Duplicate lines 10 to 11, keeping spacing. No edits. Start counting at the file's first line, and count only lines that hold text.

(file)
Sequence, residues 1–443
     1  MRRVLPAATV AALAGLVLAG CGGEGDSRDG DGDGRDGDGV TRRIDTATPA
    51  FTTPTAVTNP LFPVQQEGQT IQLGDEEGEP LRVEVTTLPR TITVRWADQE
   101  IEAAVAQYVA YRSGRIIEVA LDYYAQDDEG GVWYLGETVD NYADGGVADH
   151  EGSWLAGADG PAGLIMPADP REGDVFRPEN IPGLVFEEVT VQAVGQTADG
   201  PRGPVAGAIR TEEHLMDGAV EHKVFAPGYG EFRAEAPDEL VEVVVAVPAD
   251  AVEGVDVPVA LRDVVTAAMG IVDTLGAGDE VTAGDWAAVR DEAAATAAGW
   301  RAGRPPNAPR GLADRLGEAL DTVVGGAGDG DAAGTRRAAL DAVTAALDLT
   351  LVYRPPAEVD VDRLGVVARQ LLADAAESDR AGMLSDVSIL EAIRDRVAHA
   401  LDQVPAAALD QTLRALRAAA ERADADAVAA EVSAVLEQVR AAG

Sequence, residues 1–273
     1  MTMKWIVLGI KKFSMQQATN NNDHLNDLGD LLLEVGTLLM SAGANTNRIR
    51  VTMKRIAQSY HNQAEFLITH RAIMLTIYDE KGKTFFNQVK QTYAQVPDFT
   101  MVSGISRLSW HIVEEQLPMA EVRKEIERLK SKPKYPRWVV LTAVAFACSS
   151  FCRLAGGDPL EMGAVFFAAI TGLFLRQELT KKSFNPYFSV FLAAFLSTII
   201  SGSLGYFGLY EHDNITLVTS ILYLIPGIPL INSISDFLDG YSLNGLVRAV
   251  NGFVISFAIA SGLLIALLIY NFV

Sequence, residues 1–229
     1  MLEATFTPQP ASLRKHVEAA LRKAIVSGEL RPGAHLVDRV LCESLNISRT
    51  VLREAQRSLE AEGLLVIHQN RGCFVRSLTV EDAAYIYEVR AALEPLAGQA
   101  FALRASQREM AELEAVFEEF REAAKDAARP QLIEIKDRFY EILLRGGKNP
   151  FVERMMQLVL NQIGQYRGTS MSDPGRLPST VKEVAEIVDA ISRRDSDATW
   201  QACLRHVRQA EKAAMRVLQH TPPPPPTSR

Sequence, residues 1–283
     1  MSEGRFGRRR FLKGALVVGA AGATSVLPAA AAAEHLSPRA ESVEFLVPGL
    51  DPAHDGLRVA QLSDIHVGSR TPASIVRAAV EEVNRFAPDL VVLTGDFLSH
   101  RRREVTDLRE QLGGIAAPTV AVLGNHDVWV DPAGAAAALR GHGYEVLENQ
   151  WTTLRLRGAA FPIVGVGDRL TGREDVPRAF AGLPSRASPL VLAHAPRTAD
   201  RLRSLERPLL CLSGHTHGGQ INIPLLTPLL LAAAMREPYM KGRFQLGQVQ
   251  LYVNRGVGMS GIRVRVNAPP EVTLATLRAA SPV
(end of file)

   401  LDQVPAAALD QTLRALRAAA ERADADAVAA EVSAVLEQVR AAG

Sequence, residues 1–273